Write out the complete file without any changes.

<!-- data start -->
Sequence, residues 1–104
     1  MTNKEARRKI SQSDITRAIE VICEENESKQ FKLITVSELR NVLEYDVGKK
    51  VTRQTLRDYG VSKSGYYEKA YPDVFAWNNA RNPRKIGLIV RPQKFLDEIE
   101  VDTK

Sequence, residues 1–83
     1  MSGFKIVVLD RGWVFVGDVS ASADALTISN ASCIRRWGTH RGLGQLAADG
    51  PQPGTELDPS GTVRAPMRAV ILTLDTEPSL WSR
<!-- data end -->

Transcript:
Sequence, residues 1–104
     1  MTNKEARRKI SQSDITRAIE VICEENESKQ FKLITVSELR NVLEYDVGKK
    51  VTRQTLRDYG VSKSGYYEKA YPDVFAWNNA RNPRKIGLIV RPQKFLDEIE
   101  VDTK

Sequence, residues 1–83
     1  MSGFKIVVLD RGWVFVGDVS ASADALTISN ASCIRRWGTH RGLGQLAADG
    51  PQPGTELDPS GTVRAPMRAV ILTLDTEPSL WSR